All grades K-12 are now attending in person at the Telluride schools – this success is due in large part to our teachers, staff and administrators putting in hard work and extensive planning over the summer and adjusting to new realities over the first month of the school year. The district tests our staff for COVID regularly, and works with county public health to ensure our health metrics remain in low-risk range – thanks to the parents and kids for following all guidance to keep us healthy.
Enrollment in the Telluride school district is down (so far). Every year we have new families arrive and others that leave and this year more so than ever. As of this writing (Sept. 29) we have 875 pupils versus 885 at on Oct. 1, 2019. Our school budget is entirely determined by the state formula funding each student times the pupil count on Oct. 1, 2020. This year the state will allow us to include students enrolled and attending either in person or learning remotely. Our message to parents on the fence about sending their children to school is this: just do it. We have made staffing and planning adjustments to accommodate all students. We are operating in a safe and effective manner. We’re ready for your kids!
School finances are OK for now, but we worry about next year. The district built up a rainy day fund, which we need this year. The state of Colorado cut our funding by nearly $1 million for the current school year. The CARES Act sent some money to our district for COVID expenses; however we are projecting those expenses to be $500,000 more than what we received. The district does not get any money from real estate transfer taxes. Unlike Aspen, we do not have a sales tax benefiting the schools that would help capture the extra economic activity occurring in Telluride. Increased property values don’t help the school district either — the tax rate on homes in our region is set to drop (again) next year.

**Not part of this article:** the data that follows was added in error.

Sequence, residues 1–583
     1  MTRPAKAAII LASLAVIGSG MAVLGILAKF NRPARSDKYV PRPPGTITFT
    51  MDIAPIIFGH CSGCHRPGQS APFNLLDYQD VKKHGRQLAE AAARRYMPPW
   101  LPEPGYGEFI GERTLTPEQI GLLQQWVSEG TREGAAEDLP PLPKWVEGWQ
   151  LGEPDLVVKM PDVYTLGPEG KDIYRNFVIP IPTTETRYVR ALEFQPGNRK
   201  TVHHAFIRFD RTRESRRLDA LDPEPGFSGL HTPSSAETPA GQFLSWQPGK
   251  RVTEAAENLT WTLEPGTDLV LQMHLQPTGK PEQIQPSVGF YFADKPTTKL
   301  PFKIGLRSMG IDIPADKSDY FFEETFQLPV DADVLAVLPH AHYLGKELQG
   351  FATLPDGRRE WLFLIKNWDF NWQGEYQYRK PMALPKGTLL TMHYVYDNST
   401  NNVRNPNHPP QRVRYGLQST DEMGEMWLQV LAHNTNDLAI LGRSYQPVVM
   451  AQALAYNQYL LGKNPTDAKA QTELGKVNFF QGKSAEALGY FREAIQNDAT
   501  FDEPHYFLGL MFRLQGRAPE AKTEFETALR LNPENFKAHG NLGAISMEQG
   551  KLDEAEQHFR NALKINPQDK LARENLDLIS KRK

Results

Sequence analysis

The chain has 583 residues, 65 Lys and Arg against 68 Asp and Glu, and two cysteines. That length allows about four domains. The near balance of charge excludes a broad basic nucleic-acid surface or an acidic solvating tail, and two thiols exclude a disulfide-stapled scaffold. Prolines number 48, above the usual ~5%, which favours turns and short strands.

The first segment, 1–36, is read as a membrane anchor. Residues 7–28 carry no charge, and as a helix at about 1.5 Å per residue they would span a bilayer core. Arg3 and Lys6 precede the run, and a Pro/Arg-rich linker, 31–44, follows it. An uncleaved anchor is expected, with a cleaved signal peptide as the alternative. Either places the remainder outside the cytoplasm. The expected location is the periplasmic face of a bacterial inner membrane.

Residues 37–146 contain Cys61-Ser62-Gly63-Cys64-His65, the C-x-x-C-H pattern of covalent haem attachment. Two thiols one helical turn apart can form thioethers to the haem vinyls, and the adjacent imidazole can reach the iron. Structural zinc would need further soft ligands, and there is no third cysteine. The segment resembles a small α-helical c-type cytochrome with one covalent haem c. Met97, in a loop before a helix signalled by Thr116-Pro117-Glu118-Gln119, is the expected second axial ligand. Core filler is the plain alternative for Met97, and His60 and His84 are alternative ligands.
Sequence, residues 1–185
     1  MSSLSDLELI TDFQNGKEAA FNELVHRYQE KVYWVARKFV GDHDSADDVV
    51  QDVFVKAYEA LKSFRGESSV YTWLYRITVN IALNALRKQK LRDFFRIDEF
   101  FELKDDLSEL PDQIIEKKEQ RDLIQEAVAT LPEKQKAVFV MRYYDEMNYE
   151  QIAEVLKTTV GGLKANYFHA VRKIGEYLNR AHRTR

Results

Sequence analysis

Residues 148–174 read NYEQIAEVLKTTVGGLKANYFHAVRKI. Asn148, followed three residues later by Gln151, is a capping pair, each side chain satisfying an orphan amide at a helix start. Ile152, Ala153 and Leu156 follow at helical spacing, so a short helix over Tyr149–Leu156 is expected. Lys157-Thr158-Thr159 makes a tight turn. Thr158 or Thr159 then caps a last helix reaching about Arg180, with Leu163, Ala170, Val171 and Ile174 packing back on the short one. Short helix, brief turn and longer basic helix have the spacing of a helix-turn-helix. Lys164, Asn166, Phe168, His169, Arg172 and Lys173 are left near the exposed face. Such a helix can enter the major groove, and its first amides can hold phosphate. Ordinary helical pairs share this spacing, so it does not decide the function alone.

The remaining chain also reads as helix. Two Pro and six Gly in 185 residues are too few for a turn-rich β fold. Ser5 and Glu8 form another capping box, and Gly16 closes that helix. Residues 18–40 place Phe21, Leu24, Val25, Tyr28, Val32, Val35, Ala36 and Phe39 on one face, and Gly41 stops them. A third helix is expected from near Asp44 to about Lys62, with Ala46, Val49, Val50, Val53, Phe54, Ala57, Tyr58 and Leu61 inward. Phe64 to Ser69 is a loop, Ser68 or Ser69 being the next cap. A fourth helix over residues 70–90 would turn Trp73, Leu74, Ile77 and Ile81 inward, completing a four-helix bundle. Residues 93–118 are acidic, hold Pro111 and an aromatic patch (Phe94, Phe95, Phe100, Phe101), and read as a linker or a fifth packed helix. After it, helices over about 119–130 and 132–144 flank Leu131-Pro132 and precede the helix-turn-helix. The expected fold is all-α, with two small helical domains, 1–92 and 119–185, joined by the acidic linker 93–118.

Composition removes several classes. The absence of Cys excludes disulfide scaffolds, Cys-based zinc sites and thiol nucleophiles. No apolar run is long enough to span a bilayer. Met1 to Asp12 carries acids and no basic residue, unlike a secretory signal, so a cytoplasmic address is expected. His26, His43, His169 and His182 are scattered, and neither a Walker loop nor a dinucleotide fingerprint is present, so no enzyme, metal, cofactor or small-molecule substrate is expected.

What can you do? Vote in November. Colorado has on the ballot:
Amendment B. The Gallagher Amendment continues to reduce property tax rates on mega-million-dollar homes and increase costs for our local businesses. This would stop that madness. Vote Yes to repeal Gallagher; Proposition EE proposes a new tax on vaping products to equalize taxes with smoked tobacco, which would generate revenue for education and other uses. Vote Yes :Proposition 116 proposes to lower our flat tax rate in the state by 0.13 percent. The taxpayer would barely notice, but the state would be devastated, and we are already in a major financial hole. Vote No.
Send your kids to school. Our funding for the year is determined based on the number of students enrolled and attending during the 11 days of schooling around October 1.
Give to a local nonprofit that supports education. One great choice is the Telluride Education Foundation, whose mission is to raise money to invest in the enrichment of K-12 education in the Telluride School District. If you have the means and desire to support our schools, donate at tellurideeducation.org
Be kind to a teacher, principal, or school worker. They’ve all been working twice as hard for the same pay. Drop off a bag of apples. Say thank you. Sew them a mask. Show them some love.
Thank you all for continuing to support Telluride schools — the No.1 school district in Colorado!
Telluride R-1 School District Board